“More access to water, more shade, more coolness” will be the triple-treat in the coming months for anyone in the city, as part of the “Paris s’adapt” plan, unveiled by city hall on Tuesday.
“Starting this summer, we’ll step up adaptation measures to prepare the city for extreme heat”, Dan Lert, the capital’s deputy mayor in charge of the Ecological Transition, the Climate Plan, Water and Energy.
According to a study published in The Lancet Planetary Health in April, Paris has the highest ‘lethal risk’ of any European city during heatwaves, and is warming twice as fast as the global average.
Last year, excess deaths in the greater Paris Île-de-France region rose 27 percent among over-75s and 13 percent for those aged between 15 and 74 during heatwaves. In addition, there were 2,082 emergency room visits (1,333 of which required hospitalisation) and 285 SOS Médecins interventions.
The city also suffers from the ‘urban heat island’ effect – meaning it is significantly warmer than surrounding rural areas due to human activities – which can push temperatures up an additional 10C during hot periods. The temperature difference is usually larger at night than during the day.
“The summer of 2022, with 22 days of heatwave, was a foretaste of what lies ahead. This will be the norm in Paris in the future,” Lert told Libération.
By 2050, the capital’s climate is predicted to be similar to that of Seville, with an average of three weeks of heatwave per year, temperature peaks of 50C and three times as many ‘tropical nights’ – when the temperature doesn’t fall below 20C – compared to today.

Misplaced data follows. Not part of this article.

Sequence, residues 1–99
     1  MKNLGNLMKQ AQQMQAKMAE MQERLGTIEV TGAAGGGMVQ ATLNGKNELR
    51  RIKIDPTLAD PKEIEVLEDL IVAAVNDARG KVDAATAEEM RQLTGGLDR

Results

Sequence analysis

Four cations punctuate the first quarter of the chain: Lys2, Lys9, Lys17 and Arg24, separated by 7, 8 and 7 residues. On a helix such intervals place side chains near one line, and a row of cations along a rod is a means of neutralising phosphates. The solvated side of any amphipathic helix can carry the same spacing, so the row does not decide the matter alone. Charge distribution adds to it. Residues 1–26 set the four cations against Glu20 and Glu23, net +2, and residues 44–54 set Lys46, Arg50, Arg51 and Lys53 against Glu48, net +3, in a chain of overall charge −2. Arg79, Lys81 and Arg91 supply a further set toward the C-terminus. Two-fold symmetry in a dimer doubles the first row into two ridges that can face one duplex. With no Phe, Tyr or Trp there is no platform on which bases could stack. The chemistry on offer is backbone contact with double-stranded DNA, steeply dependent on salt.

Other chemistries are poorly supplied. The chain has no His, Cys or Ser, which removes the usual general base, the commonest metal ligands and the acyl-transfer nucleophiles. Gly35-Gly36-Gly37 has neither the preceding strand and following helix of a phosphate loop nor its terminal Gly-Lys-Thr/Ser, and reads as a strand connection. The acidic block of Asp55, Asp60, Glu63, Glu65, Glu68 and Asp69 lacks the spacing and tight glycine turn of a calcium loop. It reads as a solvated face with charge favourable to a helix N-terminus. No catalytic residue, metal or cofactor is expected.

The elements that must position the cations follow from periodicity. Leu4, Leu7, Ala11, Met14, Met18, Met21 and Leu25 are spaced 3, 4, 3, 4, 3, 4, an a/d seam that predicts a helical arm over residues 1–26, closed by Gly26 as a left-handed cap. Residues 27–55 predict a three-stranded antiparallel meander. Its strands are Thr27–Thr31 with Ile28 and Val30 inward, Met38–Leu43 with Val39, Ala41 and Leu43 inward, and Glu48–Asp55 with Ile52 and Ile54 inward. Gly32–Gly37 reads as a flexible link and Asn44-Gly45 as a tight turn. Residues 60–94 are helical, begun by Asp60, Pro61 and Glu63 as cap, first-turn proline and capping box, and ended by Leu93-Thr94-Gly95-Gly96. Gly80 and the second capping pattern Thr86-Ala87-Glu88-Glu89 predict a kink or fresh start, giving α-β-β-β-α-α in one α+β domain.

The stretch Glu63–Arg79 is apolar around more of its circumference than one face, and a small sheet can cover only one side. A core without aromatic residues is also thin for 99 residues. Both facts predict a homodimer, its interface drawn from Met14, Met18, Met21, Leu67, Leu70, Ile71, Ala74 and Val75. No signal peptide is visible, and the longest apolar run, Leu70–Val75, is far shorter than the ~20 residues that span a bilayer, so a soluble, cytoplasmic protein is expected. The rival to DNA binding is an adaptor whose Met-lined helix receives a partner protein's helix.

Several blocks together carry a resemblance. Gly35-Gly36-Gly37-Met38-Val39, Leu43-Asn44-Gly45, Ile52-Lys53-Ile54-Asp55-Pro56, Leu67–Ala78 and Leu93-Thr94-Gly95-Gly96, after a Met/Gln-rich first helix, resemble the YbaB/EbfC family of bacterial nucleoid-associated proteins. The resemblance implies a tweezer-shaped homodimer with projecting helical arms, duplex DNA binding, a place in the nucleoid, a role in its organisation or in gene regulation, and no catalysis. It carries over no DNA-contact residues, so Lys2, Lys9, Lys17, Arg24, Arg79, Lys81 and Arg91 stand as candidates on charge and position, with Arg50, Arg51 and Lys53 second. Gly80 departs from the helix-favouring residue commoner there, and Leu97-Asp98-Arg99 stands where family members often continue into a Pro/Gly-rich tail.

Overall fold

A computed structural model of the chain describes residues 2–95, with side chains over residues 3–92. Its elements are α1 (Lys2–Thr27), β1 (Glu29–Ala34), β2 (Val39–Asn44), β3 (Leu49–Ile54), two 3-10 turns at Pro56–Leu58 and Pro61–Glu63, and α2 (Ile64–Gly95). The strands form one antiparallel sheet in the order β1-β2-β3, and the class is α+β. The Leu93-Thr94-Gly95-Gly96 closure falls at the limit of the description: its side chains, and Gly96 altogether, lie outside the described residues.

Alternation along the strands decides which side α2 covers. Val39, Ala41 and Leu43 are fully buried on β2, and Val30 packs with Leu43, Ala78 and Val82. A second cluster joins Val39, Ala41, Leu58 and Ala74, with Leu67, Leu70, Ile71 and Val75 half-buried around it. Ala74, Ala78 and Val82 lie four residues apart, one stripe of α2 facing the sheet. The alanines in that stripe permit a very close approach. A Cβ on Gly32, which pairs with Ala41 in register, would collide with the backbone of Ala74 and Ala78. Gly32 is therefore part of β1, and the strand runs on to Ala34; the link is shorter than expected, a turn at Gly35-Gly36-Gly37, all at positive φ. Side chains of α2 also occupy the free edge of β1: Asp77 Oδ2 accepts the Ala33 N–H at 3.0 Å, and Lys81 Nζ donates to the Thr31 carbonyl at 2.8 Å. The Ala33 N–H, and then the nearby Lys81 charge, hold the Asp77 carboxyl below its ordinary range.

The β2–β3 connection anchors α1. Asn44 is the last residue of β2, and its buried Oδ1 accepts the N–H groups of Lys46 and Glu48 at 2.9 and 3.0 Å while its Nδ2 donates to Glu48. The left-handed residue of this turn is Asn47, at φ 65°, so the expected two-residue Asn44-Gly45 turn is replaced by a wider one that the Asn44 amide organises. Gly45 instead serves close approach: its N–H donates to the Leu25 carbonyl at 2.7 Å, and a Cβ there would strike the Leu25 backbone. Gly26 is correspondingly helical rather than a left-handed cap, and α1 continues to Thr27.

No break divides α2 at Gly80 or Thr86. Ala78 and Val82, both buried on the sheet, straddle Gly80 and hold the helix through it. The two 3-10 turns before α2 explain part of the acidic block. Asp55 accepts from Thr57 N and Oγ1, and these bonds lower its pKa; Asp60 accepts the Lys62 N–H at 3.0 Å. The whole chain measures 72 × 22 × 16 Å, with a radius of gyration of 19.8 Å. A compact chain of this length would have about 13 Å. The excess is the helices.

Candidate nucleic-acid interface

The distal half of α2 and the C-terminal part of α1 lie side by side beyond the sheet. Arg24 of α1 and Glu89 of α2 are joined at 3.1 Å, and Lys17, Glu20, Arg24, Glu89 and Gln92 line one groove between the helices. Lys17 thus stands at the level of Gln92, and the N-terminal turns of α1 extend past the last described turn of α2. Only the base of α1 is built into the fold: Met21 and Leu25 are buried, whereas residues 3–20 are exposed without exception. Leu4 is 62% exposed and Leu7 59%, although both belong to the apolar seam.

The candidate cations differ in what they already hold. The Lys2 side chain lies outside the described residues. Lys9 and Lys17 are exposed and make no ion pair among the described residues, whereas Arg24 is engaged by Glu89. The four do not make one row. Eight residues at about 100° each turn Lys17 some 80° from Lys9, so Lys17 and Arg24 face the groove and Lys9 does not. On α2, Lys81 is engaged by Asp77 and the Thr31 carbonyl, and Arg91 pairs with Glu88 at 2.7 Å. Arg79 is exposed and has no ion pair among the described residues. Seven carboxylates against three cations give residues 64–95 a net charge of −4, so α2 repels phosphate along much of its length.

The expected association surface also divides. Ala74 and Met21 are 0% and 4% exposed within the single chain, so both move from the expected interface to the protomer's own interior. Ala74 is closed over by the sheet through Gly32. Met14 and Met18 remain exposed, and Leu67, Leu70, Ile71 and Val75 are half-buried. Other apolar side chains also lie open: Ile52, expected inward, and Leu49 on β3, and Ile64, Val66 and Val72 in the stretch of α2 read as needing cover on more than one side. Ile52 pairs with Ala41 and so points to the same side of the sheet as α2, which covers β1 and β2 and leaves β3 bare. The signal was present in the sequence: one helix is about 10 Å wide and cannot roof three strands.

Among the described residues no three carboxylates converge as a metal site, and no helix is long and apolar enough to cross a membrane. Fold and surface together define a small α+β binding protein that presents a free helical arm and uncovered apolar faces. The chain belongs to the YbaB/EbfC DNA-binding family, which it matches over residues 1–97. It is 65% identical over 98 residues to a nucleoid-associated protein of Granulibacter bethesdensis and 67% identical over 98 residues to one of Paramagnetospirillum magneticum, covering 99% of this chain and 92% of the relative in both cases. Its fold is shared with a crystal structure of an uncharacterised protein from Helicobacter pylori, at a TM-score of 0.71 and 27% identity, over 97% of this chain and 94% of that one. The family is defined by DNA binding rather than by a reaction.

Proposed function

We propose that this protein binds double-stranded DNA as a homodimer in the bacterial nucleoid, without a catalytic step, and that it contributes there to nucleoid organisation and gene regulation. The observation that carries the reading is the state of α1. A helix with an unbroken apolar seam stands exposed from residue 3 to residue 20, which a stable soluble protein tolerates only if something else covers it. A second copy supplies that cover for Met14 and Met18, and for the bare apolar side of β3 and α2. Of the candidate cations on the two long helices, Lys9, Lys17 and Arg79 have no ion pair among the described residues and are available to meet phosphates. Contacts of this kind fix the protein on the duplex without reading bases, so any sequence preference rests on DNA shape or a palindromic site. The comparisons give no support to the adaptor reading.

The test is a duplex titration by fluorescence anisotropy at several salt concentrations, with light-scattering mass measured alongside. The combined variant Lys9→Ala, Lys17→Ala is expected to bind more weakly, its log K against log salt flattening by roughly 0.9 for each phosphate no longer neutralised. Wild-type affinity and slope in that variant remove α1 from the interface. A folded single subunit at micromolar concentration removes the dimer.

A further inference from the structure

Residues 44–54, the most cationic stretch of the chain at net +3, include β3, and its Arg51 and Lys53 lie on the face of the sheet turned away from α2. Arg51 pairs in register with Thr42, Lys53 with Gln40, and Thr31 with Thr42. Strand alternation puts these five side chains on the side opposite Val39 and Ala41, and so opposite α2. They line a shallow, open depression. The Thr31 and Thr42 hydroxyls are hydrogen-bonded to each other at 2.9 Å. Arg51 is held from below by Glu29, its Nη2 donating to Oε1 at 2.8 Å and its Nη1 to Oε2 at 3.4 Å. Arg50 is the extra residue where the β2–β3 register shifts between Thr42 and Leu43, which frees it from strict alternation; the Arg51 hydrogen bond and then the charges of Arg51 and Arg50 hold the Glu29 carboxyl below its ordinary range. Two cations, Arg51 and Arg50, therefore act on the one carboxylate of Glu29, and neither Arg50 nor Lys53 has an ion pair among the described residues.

This summer, to reinforce an existing network of 1,200 fountains and almost 1,000 “cool islands” (green spaces, air-conditioned public buildings, swimming areas…), 73 “extremely water-efficient” misting fountains, 10 misters and 24 additional shaded areas will be installed.
An additional 29 so-called “Oasis courtyards” will be created, to complement the 100 already in existence. These areas have more vegetation than other parts of the city, which has “ a significant impact in terms of cooling”.
The number of cool islands in Paris has increased between five and seven-fold since 2020, according to City Hall.
In 2022, Paris tested six removable wooden shades in the 12th arrondissement. “Below them, we noted a reduction in temperature of almost 10C,” Lert said. “The feedback has been extremely positive, which is why we’re extending the scheme.”
Meanwhile, an experiment of repainting roofs on day nurseries, schools and gymnasiums white – a colour that reflects sunlight – has been deemed a success, reducing temperatures inside by as much as 6C.
In total, the roofs of another 40 crèches, schools and libraries will be painted white by 2025.
While the capital hasn’t seen any rain for weeks, Lert insisted that “there is no shortage of water in Paris and there won’t be”. But he refused to rule out the possibility of restrictions later in the summer if necessary.
He said some 800 shopkeepers have pledged to refill water bottles on request free of charge, part of the L’eau de Paris plan which encourages people to ditch plastic bottles of mineral water and drink tap water from refillable bottles.
The city is also aiming to make water savings of 10 percent, and will continue work to limit the leak rate to 8 percent.